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A getaway driver in pulp fictionNo, silly. Not my rules for you to write crime fiction. It’s simply my rules for me to write crime fiction. This is the slightly longer version of a piece I wrote today for Writing.ie‘s series on “Writing and me”. Here goes…

My writing goals? Whether baking a Victoria sponge, writing a series of novels or robbing a bank, you need a decent plan (and possibly a damn good getaway driver – see pic). Here’s mine.

1. It’s a crime series. So Amazon already has half a million crime titles? Who cares. I love crime fiction.

2. But let’s not make it yet another “maverick” cop series. Make him a private eye, outside the system. He (and OK, I’m male too, it’s best that way, trust me) hates cops. And bureaucrats.

3. Give him a flexible name: Moss Reid. As in Moss, Mossie, Maurice, Reidy, Mr Reid…

And (cunning plan) doesn’t “a Moss Reid Mystery” sound like “a must-read mystery”?

4. Make him a foodie. Who happens to be a PI, with a dozen recipes per book and a bit of a whodunnit. Give him the right priorities in life – “Eat, drink and investigate, in that order.” This is hardcore “chip lit”, remember?

5. He’s no saint or superhero though – he’s a PI, not flippin’ Spiderman or Mother Teresa. From employee thefts to adultery chases, Moss Reid’s cases will be everyday, messy and mundane.

Actually, make everything around the cases as unmundane (possible new word?) as possible. Because if you’re his client, trying to trace your birth mother or a missing person – or a missing cat while we’re at it – is always going to be far from “mundane”.

6. Moss Reid is no genius either, no Holmes or Poirot. We’ll make him rely on others for his information deficits, from his iBook virus to how to navigate the criminal underworld.

Regular readers will recognise these helpers: Maggie Dardis for the IT, Colley and Harry Street for the crim stuff, Moss’s solicitor Alan Brennan for the legals and his best mate Arnaud for the cookery…

7. As for the subgenre? Avoid wisecracking smartarse PIs. What? Yet another boring would-be stand-up comedian? With an imitation .375 Magnum in the bottom drawer and a proclivity to uppercut some poor sod from Kraków? Feck off. Keep it real.

Give our man a sense of humour, but avoid cosy crime capers, car chases, Garda vampires, psychokillers and excess gore (mind you, Book #3 compares an autopsy to a butcher’s counter). So. Less of the violence, more of the social fissures.

8. Respect Ryanair. That means minimising Moss Reid’s emotional baggage. So no wives / girlfriends / kids. And definitely no shagging the victim’s bereaved either. As if. And no blonde bombshell secretaries.

Our modest hero happens to be single. With a maximum ten kilos of carry-on baggage plus “one small bag”. So get over it. Save his emotions and anger for giving out about how banjaxed the country is.

9. Try to make each story happen in real time. My first novel was set in Ireland’s summer 2013 heatwave. The second, Black Marigolds spans twelve days around Christmas 2013 (hence early provisional title The Twelve Days of Cowtown). And so on.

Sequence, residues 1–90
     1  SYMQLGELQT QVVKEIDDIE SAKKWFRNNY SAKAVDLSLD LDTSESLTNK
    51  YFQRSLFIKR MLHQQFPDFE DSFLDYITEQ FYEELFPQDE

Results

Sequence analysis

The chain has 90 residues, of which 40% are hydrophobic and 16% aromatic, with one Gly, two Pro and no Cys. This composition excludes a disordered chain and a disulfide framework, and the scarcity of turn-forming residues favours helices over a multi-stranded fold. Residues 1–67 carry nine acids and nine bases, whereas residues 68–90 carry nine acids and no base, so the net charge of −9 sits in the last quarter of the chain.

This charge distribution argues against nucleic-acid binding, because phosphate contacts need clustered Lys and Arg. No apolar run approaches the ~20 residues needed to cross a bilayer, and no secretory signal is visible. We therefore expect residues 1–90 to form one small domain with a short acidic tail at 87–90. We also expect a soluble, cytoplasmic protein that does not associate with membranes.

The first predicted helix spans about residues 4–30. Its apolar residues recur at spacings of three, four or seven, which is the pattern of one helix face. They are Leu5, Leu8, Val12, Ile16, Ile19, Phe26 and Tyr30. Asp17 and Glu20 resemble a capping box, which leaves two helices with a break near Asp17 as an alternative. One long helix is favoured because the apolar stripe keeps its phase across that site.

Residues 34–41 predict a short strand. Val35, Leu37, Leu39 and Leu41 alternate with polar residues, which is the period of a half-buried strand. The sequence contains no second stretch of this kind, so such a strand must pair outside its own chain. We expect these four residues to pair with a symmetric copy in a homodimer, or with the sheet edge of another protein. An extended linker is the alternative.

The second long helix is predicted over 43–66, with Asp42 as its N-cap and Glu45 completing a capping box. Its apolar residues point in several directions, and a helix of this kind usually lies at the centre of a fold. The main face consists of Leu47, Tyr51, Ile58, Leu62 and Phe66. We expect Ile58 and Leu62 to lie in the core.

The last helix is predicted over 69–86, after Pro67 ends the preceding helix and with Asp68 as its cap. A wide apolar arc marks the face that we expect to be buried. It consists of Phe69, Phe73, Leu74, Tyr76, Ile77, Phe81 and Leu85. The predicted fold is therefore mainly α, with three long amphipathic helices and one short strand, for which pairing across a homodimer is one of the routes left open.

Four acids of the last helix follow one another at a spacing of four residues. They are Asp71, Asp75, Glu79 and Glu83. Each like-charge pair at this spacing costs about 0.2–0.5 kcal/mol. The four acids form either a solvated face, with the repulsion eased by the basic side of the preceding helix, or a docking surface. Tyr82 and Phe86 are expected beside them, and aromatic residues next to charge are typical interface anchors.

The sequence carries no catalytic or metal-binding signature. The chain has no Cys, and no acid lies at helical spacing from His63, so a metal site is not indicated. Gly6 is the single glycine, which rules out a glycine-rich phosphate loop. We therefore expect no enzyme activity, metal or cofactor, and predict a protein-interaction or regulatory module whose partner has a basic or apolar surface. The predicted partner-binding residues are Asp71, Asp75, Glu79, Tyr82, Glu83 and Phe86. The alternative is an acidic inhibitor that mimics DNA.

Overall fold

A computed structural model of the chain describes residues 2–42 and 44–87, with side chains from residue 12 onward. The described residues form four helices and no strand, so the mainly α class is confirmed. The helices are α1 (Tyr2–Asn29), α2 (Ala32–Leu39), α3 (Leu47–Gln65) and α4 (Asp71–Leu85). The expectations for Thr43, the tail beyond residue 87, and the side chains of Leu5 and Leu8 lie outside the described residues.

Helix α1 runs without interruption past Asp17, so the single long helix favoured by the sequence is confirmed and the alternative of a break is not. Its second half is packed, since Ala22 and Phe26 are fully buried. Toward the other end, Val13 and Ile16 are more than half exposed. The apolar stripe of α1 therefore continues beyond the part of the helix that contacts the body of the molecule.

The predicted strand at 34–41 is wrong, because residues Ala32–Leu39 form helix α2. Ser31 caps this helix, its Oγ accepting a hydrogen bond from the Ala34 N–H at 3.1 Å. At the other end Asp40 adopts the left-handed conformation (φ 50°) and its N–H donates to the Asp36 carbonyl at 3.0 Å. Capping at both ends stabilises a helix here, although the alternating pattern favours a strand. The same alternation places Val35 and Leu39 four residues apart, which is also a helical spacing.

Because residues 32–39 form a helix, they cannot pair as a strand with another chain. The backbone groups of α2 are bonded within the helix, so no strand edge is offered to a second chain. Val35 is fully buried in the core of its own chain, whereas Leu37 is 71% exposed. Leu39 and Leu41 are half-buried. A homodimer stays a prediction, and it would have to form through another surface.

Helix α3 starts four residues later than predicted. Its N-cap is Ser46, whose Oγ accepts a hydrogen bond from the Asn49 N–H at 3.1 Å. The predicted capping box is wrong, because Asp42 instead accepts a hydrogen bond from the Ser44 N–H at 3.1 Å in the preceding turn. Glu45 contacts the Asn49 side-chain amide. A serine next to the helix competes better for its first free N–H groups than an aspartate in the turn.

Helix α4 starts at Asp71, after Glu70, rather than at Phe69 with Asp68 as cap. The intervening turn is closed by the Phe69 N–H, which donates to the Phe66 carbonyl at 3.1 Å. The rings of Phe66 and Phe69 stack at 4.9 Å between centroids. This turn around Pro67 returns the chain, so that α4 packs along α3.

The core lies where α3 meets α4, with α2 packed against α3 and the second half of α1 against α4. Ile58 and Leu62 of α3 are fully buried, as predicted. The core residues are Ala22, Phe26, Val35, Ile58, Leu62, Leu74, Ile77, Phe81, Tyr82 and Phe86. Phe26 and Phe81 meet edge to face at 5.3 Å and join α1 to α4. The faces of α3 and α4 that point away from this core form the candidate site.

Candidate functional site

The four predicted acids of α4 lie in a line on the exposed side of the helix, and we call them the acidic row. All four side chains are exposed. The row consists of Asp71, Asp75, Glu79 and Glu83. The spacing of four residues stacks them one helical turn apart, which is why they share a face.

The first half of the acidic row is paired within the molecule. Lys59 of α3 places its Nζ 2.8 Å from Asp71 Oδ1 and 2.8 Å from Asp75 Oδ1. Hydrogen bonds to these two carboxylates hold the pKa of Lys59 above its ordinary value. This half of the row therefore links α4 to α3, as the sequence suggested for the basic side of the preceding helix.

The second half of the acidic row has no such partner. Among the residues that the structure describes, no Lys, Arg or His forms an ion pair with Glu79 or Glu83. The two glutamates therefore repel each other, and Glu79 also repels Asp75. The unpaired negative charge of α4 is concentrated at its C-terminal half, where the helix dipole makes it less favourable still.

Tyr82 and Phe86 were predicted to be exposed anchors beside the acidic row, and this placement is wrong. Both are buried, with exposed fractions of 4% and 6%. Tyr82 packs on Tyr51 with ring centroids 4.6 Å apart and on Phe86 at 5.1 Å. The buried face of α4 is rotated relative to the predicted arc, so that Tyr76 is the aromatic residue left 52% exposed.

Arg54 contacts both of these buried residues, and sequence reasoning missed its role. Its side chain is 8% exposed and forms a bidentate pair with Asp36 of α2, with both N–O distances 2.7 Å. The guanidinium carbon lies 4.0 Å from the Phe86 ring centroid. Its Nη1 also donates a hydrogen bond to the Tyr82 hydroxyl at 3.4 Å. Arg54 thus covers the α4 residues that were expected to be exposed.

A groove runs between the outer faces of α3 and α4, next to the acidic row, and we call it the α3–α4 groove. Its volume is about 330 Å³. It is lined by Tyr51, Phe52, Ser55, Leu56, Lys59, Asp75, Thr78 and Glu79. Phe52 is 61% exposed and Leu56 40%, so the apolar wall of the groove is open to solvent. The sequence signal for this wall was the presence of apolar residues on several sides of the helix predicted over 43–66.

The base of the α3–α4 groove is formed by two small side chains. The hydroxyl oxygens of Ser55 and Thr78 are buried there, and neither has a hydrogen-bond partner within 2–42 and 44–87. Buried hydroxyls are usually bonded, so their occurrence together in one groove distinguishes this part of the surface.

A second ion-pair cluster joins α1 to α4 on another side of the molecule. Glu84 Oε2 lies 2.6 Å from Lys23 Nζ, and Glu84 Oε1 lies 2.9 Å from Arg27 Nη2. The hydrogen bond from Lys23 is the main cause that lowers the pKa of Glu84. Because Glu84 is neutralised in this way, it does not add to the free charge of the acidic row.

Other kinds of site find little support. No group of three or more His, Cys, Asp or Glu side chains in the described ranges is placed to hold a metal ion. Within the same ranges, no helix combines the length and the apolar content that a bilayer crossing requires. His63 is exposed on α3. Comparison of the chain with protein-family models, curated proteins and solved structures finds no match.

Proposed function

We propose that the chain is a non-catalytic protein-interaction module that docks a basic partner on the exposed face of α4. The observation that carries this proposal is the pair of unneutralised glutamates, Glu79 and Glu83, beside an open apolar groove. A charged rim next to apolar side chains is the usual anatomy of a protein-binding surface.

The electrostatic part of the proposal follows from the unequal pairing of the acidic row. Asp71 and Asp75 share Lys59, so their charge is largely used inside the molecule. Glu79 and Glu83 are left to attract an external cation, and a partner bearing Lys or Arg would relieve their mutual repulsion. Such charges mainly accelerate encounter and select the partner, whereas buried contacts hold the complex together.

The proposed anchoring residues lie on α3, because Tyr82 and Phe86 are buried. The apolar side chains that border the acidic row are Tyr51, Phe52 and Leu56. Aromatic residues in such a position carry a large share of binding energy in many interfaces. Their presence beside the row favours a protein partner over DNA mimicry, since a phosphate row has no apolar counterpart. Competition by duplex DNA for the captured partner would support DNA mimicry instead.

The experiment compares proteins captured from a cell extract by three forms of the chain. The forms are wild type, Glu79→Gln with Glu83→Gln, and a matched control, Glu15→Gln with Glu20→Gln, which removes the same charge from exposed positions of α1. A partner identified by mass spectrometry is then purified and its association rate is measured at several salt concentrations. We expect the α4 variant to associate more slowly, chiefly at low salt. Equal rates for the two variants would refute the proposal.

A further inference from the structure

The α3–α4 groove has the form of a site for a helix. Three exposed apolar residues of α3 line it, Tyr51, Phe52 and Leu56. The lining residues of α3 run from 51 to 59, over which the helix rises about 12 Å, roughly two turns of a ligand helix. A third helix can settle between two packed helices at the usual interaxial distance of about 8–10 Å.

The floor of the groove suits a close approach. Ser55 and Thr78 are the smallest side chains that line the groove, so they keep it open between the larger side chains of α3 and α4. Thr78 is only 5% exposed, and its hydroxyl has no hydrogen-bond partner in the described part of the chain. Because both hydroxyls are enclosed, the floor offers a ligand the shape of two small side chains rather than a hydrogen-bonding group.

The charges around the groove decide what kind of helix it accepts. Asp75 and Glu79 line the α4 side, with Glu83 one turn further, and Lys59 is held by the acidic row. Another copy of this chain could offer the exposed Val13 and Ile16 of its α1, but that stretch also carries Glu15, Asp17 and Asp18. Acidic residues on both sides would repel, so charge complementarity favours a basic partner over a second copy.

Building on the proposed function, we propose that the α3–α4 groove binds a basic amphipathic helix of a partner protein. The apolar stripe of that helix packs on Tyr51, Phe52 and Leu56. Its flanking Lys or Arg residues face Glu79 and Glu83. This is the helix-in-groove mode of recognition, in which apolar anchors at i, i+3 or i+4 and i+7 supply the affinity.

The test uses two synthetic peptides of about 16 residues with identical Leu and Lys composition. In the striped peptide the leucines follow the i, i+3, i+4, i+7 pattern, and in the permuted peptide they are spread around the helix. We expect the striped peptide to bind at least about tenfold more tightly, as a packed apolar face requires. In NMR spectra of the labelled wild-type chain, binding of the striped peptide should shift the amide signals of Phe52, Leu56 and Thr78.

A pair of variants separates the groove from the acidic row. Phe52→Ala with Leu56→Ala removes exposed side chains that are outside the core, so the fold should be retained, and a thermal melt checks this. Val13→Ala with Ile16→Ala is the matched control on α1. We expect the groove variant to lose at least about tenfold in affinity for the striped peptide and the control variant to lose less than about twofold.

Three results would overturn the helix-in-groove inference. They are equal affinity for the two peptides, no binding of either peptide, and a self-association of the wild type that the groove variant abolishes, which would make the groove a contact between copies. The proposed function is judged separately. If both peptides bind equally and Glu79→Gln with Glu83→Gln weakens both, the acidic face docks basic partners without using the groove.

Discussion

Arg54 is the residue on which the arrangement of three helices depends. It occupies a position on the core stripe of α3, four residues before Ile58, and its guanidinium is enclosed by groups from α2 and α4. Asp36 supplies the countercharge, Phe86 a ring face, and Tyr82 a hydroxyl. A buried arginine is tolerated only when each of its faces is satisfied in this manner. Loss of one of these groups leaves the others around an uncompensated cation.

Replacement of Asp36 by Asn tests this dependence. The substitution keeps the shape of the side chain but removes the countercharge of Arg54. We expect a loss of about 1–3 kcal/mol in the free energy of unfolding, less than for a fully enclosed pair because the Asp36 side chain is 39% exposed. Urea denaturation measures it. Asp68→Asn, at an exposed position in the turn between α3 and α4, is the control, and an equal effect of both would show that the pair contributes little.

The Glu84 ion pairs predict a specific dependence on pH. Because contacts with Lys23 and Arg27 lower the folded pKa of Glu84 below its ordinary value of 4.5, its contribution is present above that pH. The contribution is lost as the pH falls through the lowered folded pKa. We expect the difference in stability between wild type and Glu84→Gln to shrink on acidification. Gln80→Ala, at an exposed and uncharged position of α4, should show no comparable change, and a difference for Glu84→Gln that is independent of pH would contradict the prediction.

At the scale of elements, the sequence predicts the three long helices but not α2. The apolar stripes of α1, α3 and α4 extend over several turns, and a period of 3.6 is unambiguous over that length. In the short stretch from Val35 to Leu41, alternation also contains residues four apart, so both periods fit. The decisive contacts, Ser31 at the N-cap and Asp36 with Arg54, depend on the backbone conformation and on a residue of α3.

10. Set most of each story around Stoneybatter. And Smithfield, Grangegorman, Capel Street etc.

Why Stoneybatter? Well, Oxford has its Morse, Rebus his Edinburgh, and Wallander his – er – Wallanderland. High time Stoneybatter had its very own Moss Reid.

Because Stoneybatter is a brilliantly mixed up (in the really good sense) neighbourhood, and steeped in history.

11. Have the Irish characters talk our talk: Hiberno-English. I want to break the Guinness Record for “Most Ways To Spell ‘Bollix’ In A Crime Series”.

12. Make this series of mine span exactly 20 novels over 10 years. Or five novels every two years, approx. I know, it sounds hard, but doable. And if I come up with a viable idea for a novel outside the crime series, my rule is to publish it after at least every third ‘Moss Reid’ novel. Spread ’em out.

13. Oh yeah, and use Microsoft Excel. So that’s what spreadsheets are for. For fancy rows and columns about your ongoing plan of themes, cases and characters. I mean to plan at least two to three novels in advance, to  have delicately unfolding themes and back stories.

14. Oops! Oh sugar. Flip. Allow for serendipity.

15. And never start by writing the ending, despite what some fancy courses might tell you. Begin with the beginning or at least the middle. Let the very end unfurl as you strip everything back. Rewrite, remodel, let the nuances and conclusions emerge.

16. Give your readers spoilers online. To read these, your readers must use the password provided on the back page of your print edition.

17. Keep your titles short. Call Book #3 Ghost Flight. Because that’s what it’s about, isn’t it? A ghost feckin’ flight with three Irish businessmen in a light aircraft? But then that bollocks Bear Grylls decides to become a crime writer, with his 2015 bestseller that also happens to be called Ghost Flight.

To avoid confusion – who wants to attract yucky Bear Grylls fans anyway? – Book #3 will henceforth be known as The Body Language Of The Living And The Dead. Snappy, what? Or – on the blog at least – The Bod for short.

18. Your cover’s main colours. These will be yellow and black. Always.

19. And stop doing interviews with anyone whose publication hasn’t bothered to review at least one of your previous books already.

20. As for readings? For just five minutes (plus a mere six hours’ travel time)? And out of context from a delicately woven whatsit? No way. Anything that eats into your writing time and non-working time better be damn well worth it.

So no more public appearances, panel games and monkey stuff for the media. The one main exception is for a very good cause. Or a very large cheque.

Right. That’s my secret formula. I’ve told you everything. So now I suppose I better kill you…